Brandon Mayfield

Washington County, Oregon
Date of Crime:  March 11, 2004

(Federal Case)  On March 11, 2004, a number of bombs were detonated on trains in Madrid, Spain, which killed 191 people and injured about 2000 others, including American citizens.  A bag containing detonation caps was found outside a train station through which all the bombed trains had left or had passed through.  On March 17, digital images of fingerprints found on the bag were transmitted to the FBI and run through their AFIS database of fingerprints.  When latent print #17 was run, the database produced 20 possible matches.  FBI Senior Print Examiner Terry Green then manually compared the potential matches and found a 100% match with the fourth ranked print on the AFIS list.  The FBI has long claimed that fingerprint identification is infallible. A top FBI fingerprint official had testified to a “zero error rate.”

Two other FBI print examiners purportedly confirmed Green's match.  The source of the matching print corresponded to the left index finger of an Oregon attorney named Brandon Mayfield.  It is suspected that Mayfield's Muslim religious beliefs and his activities as a lawyer influenced the match.

On April 2, the FBI sent a letter to Spanish authorities reporting the match.  On April 13, the Forensic Science Division of Spanish National Police responded that the purported match was “conclusively negative.”  On April 21, a representative of the FBI Latent Print Unit flew to Madrid and met with ten members of the same Division.

On May 6, the federal government applied for warrants to arrest Mayfield as a material witness and search his home, office, and personal vehicles.  It represented that at the meeting with the Spaniards, the Spaniards felt satisfied with the FBI's print match.  However, that was not the Spaniards' interpretation.  The Spaniards later stated that at the conclusion of the meeting they refused to validate the FBI's finding and maintained there was no match.  The federal government's warrant affidavits also mentioned that Mayfield had represented a Jeffrey Battle in Oct. 2002 in a child custody matter, noting that Battle had been subsequently arrested and convicted as a member of the Portland 7 on federal terrorism charges.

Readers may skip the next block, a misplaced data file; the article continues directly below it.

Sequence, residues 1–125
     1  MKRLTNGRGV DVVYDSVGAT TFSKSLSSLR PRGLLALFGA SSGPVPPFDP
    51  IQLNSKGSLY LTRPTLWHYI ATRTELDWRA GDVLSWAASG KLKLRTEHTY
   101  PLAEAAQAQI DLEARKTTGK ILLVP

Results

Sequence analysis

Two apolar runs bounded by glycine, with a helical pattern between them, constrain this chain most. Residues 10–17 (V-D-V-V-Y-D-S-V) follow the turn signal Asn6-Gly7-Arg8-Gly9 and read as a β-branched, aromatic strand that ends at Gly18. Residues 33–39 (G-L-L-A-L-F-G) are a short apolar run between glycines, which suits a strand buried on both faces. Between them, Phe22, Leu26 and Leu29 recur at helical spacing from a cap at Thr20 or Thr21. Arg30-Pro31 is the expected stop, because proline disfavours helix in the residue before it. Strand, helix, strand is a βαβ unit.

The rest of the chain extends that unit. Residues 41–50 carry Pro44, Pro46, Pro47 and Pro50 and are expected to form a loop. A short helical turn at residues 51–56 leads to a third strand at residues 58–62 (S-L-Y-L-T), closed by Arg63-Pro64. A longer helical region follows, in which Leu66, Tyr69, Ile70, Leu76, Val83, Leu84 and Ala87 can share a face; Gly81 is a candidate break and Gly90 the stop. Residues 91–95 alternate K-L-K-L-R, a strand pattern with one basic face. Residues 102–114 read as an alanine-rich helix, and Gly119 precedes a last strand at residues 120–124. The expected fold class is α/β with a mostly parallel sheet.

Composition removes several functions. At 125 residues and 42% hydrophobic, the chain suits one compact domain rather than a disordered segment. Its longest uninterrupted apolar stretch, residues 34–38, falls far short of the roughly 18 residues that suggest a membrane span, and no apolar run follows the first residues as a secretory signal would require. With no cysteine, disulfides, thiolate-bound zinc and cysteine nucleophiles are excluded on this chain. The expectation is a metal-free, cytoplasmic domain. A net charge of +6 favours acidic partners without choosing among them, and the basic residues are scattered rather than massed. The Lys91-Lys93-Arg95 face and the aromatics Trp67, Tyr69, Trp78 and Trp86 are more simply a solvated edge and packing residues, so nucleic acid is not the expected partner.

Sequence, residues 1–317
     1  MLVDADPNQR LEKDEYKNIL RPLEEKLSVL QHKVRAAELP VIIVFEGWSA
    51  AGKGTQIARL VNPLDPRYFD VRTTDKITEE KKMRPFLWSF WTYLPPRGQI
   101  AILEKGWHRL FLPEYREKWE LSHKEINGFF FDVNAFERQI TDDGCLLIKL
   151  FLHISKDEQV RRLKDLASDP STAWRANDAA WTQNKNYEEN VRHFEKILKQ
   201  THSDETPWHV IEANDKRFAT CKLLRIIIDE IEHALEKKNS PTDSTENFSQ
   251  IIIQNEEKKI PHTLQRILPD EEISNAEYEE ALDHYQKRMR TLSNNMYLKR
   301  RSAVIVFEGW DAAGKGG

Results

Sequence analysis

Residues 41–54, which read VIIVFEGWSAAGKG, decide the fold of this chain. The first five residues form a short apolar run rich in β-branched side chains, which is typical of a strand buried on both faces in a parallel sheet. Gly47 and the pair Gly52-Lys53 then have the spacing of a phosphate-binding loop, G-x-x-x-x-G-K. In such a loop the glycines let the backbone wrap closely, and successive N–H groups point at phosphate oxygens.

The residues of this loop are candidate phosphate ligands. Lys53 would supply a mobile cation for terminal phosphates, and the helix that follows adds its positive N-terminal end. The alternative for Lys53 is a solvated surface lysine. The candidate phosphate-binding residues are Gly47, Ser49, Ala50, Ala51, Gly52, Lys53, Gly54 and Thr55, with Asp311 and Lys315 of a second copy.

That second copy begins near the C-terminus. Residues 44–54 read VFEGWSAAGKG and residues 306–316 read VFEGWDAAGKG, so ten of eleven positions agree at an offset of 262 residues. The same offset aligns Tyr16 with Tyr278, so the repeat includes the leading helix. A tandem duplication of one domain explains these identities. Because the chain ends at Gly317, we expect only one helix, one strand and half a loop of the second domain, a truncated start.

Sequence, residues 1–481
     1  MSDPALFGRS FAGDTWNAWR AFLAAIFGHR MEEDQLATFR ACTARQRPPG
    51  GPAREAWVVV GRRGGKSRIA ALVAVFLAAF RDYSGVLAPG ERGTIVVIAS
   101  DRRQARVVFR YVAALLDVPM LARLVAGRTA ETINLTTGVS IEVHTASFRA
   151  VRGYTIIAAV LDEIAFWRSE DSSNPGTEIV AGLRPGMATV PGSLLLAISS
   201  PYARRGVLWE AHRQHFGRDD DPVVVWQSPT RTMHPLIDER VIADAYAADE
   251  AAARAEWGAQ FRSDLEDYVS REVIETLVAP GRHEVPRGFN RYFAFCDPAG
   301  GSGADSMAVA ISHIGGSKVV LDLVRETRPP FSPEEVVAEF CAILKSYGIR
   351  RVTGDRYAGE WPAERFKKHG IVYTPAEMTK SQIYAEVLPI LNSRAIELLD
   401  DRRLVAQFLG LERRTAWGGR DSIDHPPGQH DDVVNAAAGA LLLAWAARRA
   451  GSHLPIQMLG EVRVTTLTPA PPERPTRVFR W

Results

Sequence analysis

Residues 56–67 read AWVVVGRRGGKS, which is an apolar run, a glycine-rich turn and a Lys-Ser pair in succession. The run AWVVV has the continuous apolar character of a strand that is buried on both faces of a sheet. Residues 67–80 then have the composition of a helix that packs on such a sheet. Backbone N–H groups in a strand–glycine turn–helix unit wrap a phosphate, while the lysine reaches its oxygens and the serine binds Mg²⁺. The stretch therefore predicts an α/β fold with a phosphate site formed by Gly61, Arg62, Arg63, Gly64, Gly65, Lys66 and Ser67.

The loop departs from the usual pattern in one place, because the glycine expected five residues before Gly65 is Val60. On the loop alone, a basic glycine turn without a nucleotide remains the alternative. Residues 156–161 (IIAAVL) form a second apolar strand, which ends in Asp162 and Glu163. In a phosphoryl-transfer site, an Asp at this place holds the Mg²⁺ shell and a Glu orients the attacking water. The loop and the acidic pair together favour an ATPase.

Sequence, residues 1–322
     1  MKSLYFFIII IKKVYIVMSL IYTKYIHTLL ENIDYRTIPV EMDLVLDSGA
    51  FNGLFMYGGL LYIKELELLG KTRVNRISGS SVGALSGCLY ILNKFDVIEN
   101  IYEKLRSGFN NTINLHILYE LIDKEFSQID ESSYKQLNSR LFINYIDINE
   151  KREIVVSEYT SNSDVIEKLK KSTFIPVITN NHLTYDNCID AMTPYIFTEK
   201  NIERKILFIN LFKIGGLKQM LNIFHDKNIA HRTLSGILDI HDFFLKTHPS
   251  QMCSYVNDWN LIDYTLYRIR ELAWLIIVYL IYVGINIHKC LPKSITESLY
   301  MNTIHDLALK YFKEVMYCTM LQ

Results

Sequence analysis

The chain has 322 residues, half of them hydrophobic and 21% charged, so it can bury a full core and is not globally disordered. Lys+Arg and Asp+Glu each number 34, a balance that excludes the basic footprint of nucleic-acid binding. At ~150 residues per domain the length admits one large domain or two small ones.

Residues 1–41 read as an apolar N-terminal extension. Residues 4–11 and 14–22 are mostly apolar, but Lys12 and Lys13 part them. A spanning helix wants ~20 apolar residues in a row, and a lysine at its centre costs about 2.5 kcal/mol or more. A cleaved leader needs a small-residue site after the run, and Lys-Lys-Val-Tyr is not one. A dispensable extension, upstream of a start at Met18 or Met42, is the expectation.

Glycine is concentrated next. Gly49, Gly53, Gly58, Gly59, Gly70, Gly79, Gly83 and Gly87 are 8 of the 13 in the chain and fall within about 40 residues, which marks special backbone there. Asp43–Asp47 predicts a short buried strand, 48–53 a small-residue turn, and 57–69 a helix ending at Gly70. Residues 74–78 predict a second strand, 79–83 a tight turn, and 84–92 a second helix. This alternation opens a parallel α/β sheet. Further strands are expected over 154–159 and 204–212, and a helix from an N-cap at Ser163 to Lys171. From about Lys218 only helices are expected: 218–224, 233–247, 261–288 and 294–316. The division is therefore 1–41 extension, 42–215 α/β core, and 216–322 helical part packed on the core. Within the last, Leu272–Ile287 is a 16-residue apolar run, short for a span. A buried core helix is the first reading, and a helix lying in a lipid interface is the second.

Mayfield was arrested the same day, May 6.  Prior to his arrest, his home had been secretly searched under provisions of the U.S. Patriot Act.  The intruders had aroused his family's suspicion by bolting the wrong lock on the door and leaving a footprint that did not match any family member.  Following Mayfield's arrest, FBI agents seized many personal belongings including what they termed “Spanish documents” – apparently Spanish homework by one of Mayfield's sons.

On May 20 it became known that the Spanish police identified an Algerian as the source of the latent fingerprint.  Mayfield was released the same day.  The FBI then appeared to blame the mismatch on not having the highest resolution of the fingerprint. Subsequently the FBI determined that the print was of “no value for identification purposes.”  This point is difficult to understand since the FBI used it to identify Mayfield, and the Spanish police used it to identify an Algerian.  Evidence indicated that the FBI simply overlooked discrepancies between the fingerprint sent to them and that of Mayfield.  [3/08]


References:  Champion, MSNBC

Posted in:  Victims of the State, Oregon Cases, False Fingerprint Evidence